Revenge Thrillers, Bakery Murders, and “Hope-Core TikTok”: 40 Hours of Film 2023
By James Weatherman
On Monday, 27 March, the Interhall Arts Committee (IAC) hosted a screening of the 40 Hours of Film competition entries, attracting over 600 attendees to the Manning-Clark Hall.
The event requires groups from each residential hall to produce a short film, between 4-8 minutes long, 40 hours after being given a directional prompt. This includes a location, an object, and a phrase that students must incorporate into their film.
This year’s prompts were a “water source,” “baguette”, and “pinky promise?”, respectively. IAC released prompts Friday 6pm on 24 March and required submissions by Sunday 10am on 26 March. The screening took place the following day at 7.30pm.
According to a 2022 participant, last year’s prompts were “a playground,” “a sock,” and “you clearly haven’t done this before.” Wamburun took first place last year, while this year’s results are yet to come.
The competition garnered a mix of reactions this year. Bruce Hall resident Angus Crozier said this year’s competition had “the best, and perhaps some of the most unique, artistic talent that ANU has to offer.”
IAC President Oskah Dunnin hosted the screening, and praised Wright Hall volunteers for their “hard work [in] organising the event” and that “[IAC] is always happy to see…[the] pay off”.
Pictured: IAC Members and MC Oskah Dunnin
Observer asked several attendees for their opinions on each film, who expressed a diverse range of opinions and personal favourites.
One student, Ewan Hughes, claimed UniLodge “definitely had the best acting,” while B&G had “the best editing and camera quality”. He also praised first time participants from Yukeembruk, stating their film was “wholesome” and “so much fun” to watch.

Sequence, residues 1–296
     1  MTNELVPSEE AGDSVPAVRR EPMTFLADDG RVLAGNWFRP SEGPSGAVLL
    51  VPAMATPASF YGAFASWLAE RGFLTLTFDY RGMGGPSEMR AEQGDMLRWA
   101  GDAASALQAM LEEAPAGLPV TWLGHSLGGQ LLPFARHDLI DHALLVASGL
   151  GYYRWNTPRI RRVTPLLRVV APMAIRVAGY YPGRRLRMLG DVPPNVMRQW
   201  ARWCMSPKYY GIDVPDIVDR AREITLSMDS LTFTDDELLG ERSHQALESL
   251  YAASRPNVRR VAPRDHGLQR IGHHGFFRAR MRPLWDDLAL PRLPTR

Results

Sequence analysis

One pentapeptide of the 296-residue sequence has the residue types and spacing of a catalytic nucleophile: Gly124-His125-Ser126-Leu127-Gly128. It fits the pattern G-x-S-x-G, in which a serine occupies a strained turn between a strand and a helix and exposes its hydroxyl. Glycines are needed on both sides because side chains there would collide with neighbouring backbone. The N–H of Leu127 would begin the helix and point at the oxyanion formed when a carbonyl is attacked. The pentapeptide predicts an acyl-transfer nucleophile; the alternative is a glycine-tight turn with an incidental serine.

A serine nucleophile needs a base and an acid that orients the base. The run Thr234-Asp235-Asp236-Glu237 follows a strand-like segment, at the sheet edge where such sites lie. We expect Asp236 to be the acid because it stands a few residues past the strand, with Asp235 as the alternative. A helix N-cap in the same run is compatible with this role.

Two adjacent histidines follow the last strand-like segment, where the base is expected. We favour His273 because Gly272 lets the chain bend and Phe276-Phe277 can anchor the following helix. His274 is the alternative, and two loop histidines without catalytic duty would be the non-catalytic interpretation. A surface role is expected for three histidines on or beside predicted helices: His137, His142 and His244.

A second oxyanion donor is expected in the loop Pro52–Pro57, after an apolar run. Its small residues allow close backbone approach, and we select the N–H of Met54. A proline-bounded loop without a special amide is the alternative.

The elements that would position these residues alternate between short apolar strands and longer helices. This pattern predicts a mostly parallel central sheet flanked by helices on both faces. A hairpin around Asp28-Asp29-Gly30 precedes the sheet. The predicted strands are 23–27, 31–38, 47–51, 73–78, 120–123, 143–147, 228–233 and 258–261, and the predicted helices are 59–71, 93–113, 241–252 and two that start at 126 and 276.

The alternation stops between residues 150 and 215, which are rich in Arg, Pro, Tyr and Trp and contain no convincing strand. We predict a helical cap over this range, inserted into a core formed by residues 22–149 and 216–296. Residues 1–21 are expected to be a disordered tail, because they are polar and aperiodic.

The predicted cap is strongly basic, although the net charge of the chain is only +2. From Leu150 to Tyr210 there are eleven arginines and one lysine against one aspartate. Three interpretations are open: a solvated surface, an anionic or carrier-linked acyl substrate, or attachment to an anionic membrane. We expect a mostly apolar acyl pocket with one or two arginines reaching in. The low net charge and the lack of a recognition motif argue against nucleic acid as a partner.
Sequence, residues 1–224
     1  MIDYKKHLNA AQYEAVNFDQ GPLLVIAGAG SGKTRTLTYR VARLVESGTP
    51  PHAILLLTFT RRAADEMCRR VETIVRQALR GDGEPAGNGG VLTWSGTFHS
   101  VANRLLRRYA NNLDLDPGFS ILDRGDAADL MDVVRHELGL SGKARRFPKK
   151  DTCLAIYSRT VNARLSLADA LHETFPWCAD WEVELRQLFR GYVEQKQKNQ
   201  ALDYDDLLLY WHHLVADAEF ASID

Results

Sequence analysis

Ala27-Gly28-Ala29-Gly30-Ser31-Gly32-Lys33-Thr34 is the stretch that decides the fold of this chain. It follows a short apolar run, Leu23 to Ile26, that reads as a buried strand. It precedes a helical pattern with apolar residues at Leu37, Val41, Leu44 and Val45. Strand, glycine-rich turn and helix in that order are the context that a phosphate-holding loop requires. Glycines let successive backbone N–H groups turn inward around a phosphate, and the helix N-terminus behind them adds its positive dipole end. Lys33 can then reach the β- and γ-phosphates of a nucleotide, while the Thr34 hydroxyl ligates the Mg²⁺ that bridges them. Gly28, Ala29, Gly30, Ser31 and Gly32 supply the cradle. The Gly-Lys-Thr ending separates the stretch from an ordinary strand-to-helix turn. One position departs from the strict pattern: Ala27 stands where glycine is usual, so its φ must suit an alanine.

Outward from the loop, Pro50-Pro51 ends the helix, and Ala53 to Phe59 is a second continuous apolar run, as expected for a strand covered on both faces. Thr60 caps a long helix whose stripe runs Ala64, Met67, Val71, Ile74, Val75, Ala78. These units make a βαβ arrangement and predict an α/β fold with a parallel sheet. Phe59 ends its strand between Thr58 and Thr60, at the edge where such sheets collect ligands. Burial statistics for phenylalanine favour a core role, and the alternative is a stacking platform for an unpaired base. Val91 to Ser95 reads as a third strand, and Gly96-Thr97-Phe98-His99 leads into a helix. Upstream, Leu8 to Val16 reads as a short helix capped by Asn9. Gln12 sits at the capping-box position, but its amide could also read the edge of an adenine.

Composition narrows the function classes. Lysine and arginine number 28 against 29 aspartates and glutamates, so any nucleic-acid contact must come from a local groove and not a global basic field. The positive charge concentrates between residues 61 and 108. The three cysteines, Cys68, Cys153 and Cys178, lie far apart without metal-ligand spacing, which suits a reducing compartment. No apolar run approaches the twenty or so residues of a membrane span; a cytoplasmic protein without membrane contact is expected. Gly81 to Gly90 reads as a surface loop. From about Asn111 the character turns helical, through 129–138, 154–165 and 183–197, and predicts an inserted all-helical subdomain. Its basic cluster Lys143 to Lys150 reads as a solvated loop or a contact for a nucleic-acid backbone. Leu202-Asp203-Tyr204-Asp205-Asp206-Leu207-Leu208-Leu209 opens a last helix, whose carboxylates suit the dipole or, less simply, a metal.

Similarly, Griffin Hall Member Shannon Lanza had B&G, UniLodge and Yukeembruk in her top three.
B&G’s film director, Ella Andrews said she “laughed a lot at Johns, Burg and Wright’s [films]”. An actor for Burgmann’s film, James Theophile, cited Fenner as his favourite, after Burgmann.
Burgmann’s film followed two chefs who drug, kidnap and threaten a prominent food critic, in an attempt to increase positive reviews for their restaurant.
Rumours were circulating amongst the audience that the Burgmann team had been pulled over by the police. Allegedly, some attendees said this occurred while Theophile, who acted as the food critic, was in the trunk of the car.
Theophile confirmed that “the cops did pull [them] over” but “not while [he] was tied up in the boot”.
While filming “by the lake, near the museum” at approximately 4am, an “RBT [officer] questioned what [they] were doing down there at that hour”.
“Fortunately,” however, “this was all before [he] had been tied, handcuffed and gagged.”
Dunnin told Observer that the judges, Anika Quayle, Katie Sutton and Wesley Lim, are “from ANU faculties” and are “selected by the organising hall”. He also said that they view and judge the films independently from the screening.
This is of particular importance for Griffin’s team as their film froze and cut-off halfway through. The film had to be restarted, presenting a satirical yet informative guide on activities by the lake. Despite these technical difficulties, it was met with laughter and positive reviews from the audience.
Similarly, Bruce’s film experienced some “stuttering” and “freezing” initially, but was “able to play out”. The film portrayed an investigation of bakery related murders, receiving a positive audience response.
Dunnin confirmed the judges have been able to watch all films in full, and said “technical issues… were minor” and “only impacted the screening,” not the files themselves.
Showing the diversity of themes between films, B&G examined the difficulties young people face while dealing with anxiety. Crozier, from Bruce, commended the film’s “dark cinematic insight into anxiety”.